We are together. It has not been a perfect day. Ones of us have been frustrated, disappointed, sick. But it has been a good day. Gifts, wrapped to hide their contents, were opened to the delight of being thought of and known and loved. The sun warmed everything it touched. Ice nearly melted - though not enough for the ducks to swim on the lake that I ran alongside. Instead, they waddled slowly on top of the thin layer between water and sky. This, too, a grace: walking on water.

To those who were in darkness, a light has come. Wonderful, mighty, everlasting, full of peace.

Now, as I finish writing, the light has faded. But it will not leave.

Merry Christmas, friends.

(photo: morning light during a run, northern new jersey)

Thursday, December 22, 2016

you almost forget to breathe

The day after my last day of work, I woke up too early and ran under a dull sky that hid the sun until I was done. I arrived back at my apartment by 8am, the sun shining now but not giving much warmth, with the entire day before me and few plans to fill it until the evening. I called my sister, cleaned my kitchen, showered.

Then, I picked up a book of short stories. I read slowly. I let my heart catch up.

The introduction spoke of stories as a form of art capable of putting a reader in touch with life's fleeting, inexorable rhythms. Good ones can move you somewhere beyond yourself. You almost forget to breathe. Even in these first few pages, I remembered why I love short stories (short forms of most writing, really) -- the intensity, the conciseness, the simple complexity -- and knew this would be a book full of characters and stories to disorient me from what life had been and turn me about. Ready, somehow, for the new one that's ahead.

This particular compilation, The Best American Short Stories of 2016, was edited by Junot Diaz, one of my favs. He curated a notably diverse group of authors to tell all kinds of stories. I liked nearly all of the stories, but I have to admit that the ones with female protagonists appealed to me the most. The women in these stories are vulnerable yet strong, recognizing that their fates are, in many ways, at the mercy of the men and societies around them, and yet not letting those seemingly predetermined stories be all that is said about them in the end. In one story, a young Bangladeshi woman with a history that is slowly revealed works in a garment factory and agrees to becoming one of three wives as a means of survival:
Jesmin sees marriage as a remedy. If you are a girl, you have many problems, but all of them can be fixed if you have a husband. In the factory, if Jamal puts you in ironing, which is the easiest job, or if he says, take a few extra minutes for lunch, you can finish after hours and get overtime, you can say, but my husband is waiting, and then you won't have to feel his breath like a spider on your shoulder later that night when the current goes out and you're still in the factory finishing up a sleeve.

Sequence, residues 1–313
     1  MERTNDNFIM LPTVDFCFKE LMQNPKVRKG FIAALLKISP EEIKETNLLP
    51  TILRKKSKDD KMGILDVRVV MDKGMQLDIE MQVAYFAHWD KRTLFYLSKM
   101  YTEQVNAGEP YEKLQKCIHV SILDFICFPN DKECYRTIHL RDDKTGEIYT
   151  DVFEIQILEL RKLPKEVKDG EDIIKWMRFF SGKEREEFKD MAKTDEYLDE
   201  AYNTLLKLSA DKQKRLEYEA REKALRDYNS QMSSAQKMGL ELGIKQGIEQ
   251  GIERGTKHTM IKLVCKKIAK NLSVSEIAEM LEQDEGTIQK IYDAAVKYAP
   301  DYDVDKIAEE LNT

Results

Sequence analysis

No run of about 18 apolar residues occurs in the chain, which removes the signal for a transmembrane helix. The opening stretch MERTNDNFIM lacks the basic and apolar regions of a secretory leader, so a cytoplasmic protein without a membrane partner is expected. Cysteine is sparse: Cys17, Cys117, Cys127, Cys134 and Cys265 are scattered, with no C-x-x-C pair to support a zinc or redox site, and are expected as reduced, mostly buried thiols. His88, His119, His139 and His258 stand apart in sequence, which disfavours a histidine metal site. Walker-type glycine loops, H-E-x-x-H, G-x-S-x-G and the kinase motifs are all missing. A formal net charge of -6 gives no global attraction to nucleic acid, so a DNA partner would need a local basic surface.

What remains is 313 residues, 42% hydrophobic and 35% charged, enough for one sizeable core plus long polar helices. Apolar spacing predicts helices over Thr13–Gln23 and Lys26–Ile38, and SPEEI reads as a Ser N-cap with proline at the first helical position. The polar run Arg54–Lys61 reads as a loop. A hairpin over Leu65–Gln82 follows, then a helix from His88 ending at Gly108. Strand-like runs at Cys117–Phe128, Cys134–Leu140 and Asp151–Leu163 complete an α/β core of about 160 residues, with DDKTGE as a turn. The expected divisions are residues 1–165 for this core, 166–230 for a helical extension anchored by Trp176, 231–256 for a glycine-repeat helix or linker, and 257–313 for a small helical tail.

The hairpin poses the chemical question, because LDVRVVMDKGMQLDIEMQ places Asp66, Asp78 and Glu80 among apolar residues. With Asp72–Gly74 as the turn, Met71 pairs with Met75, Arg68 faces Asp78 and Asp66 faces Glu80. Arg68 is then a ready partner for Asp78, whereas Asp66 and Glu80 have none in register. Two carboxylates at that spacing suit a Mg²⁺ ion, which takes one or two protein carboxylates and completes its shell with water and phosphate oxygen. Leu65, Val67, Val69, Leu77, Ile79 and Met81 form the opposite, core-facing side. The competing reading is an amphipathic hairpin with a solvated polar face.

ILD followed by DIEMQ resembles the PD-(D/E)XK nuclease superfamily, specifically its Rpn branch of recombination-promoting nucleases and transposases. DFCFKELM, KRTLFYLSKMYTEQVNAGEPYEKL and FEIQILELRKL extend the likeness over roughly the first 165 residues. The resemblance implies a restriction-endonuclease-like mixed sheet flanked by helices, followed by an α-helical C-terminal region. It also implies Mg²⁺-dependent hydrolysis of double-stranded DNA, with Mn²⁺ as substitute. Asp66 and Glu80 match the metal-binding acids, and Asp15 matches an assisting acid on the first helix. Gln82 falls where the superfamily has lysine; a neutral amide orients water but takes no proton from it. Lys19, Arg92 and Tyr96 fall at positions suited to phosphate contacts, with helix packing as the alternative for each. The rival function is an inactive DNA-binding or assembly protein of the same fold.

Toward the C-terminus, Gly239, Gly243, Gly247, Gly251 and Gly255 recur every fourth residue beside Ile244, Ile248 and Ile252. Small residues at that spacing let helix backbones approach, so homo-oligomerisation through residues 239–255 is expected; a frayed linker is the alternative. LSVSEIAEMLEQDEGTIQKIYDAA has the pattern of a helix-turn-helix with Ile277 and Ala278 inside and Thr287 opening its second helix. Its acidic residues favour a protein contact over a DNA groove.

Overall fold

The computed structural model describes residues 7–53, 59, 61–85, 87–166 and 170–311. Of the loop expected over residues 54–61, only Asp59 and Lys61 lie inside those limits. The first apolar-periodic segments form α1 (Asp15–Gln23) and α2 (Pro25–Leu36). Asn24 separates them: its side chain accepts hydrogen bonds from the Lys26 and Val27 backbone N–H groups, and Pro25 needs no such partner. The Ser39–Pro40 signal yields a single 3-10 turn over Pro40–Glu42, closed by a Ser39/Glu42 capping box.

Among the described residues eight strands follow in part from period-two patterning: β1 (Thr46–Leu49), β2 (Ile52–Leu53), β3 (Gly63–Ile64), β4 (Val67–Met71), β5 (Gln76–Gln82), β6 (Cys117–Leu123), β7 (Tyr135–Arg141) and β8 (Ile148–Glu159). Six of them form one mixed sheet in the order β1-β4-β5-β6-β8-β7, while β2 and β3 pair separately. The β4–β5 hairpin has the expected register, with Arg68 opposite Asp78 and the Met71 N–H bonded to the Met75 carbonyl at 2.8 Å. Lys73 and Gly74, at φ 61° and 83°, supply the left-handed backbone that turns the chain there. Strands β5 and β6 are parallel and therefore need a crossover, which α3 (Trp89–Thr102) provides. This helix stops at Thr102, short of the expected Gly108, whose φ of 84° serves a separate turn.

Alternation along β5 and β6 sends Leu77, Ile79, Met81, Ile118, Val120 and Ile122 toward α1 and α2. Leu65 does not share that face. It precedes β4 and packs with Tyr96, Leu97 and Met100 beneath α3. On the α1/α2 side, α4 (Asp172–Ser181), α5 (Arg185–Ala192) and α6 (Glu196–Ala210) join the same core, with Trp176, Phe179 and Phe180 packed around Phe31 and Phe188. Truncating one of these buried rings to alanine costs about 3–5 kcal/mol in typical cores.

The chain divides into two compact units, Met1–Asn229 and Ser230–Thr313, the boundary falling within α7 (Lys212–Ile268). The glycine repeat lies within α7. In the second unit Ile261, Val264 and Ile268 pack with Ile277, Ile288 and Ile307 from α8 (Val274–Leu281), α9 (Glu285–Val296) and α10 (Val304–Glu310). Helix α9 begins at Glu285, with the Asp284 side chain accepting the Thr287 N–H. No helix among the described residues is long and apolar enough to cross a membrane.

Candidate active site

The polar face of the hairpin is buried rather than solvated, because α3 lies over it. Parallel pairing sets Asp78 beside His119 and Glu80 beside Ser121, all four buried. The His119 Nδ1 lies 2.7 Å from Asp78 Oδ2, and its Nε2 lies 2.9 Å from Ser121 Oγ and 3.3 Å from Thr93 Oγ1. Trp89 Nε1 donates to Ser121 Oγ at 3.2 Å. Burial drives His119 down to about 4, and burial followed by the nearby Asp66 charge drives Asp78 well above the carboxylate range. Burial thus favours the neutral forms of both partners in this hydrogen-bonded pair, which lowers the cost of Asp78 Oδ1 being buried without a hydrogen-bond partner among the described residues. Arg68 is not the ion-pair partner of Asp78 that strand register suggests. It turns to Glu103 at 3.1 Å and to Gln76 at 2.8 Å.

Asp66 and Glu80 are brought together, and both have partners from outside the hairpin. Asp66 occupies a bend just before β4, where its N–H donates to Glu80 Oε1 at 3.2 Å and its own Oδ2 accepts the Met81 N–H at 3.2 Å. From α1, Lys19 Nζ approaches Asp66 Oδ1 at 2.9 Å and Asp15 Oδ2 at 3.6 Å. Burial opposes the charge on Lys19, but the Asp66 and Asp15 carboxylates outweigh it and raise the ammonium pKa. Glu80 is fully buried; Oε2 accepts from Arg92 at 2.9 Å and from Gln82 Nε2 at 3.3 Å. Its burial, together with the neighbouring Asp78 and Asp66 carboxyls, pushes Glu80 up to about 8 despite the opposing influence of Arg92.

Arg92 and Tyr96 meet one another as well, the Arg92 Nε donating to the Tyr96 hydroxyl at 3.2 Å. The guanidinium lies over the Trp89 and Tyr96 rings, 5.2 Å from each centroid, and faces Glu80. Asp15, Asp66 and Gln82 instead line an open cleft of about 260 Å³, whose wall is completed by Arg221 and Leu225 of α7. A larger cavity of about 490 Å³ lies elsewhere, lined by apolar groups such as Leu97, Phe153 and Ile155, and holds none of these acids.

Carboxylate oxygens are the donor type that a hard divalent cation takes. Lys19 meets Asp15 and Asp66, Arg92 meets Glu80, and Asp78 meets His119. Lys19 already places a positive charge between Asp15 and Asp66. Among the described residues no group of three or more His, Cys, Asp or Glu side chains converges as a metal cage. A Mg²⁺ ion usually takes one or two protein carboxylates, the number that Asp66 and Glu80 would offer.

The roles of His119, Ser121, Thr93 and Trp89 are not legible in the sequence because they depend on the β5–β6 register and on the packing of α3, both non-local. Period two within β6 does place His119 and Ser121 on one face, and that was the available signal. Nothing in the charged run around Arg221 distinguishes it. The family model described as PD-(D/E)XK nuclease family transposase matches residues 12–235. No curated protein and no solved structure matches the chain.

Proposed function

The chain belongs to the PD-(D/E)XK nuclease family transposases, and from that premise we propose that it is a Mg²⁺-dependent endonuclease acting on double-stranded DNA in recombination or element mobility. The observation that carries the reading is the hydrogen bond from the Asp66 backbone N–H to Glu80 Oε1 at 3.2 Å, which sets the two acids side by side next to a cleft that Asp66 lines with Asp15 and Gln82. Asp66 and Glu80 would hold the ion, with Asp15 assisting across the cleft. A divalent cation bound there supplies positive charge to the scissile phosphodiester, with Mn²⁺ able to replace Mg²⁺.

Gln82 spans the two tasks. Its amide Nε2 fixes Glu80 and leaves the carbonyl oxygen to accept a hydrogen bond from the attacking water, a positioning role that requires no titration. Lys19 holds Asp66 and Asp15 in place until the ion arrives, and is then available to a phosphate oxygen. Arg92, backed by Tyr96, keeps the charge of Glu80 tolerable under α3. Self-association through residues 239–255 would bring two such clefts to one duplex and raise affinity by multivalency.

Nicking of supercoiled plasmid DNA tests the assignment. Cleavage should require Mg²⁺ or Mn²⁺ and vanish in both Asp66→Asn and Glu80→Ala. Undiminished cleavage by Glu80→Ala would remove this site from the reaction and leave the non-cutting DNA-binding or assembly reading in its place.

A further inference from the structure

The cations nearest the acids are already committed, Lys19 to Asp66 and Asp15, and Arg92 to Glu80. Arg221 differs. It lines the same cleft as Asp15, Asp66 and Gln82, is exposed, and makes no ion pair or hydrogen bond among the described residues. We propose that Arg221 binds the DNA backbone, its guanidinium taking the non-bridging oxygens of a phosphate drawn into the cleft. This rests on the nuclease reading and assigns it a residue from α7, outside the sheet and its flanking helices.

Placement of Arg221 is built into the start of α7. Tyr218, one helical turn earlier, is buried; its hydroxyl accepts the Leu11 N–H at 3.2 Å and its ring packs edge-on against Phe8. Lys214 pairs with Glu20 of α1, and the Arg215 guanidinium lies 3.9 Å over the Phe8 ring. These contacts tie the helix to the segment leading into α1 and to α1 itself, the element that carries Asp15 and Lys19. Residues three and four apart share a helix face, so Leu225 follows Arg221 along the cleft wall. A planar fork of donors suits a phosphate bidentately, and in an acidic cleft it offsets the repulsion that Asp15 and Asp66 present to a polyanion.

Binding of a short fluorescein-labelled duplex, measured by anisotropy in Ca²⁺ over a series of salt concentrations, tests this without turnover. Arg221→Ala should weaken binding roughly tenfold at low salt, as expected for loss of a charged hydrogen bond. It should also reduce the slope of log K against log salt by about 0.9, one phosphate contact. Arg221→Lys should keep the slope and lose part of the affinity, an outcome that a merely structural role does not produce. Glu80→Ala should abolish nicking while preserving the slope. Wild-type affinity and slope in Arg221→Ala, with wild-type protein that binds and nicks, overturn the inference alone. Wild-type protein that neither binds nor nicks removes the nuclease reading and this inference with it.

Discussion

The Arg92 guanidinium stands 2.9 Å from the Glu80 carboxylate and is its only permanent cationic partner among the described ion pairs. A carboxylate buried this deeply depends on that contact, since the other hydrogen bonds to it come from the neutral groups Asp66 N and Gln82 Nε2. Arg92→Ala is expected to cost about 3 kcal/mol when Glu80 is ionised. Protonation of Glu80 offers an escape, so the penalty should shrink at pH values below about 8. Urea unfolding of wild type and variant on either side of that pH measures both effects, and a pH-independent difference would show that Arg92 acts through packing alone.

In another, a young Ojibwe girls is rescued by a white man (or, is is that she rescues herself?) from what is essentially slavery. She never speaks to the man, never tells him her name. He calls her Flower. To him, she is beautiful and sweet. But,
That he called her Flower made her uneasy. Girls were not named for flowers, as flowers died so quickly. Girls were named for deathless things--forms of light, forms of clouds, shapes of stars, that which appears and disappears like an island on the horizon. 
And my favorite, I think, about a young woman dealing with the aftermath of a miscarriage of a baby about which she felt indifferent, who finds home in a strangers home, and the desire to mother in the grief of losing what she thought she never wanted:
All of my senses opened in recognition. The mixed scent of newsprint and butter, the muted ticking of the modern cuckoo clock on the wall, the enamel tea kettle gleaming atop the immense stove, the marmalade still sharp in my mouth: home. Here it was. Or something like it. Something homelike. Heimlich. How would the Germans say it? Gemutlich. Touchingly, where the soul or spirit belongs.
What happens to each of these women might seem like what you would expect, and yet each finds a kind of freedom: power over her body, her name, her vocation. It is only in the small entries into the women's narrations, the open window through which we hear whispers of what's really going on, that we understand this. Stories like this can ready you for a new season, ready you to look beyond what you think you know, ready you to know nothing at all.

Wednesday, December 21, 2016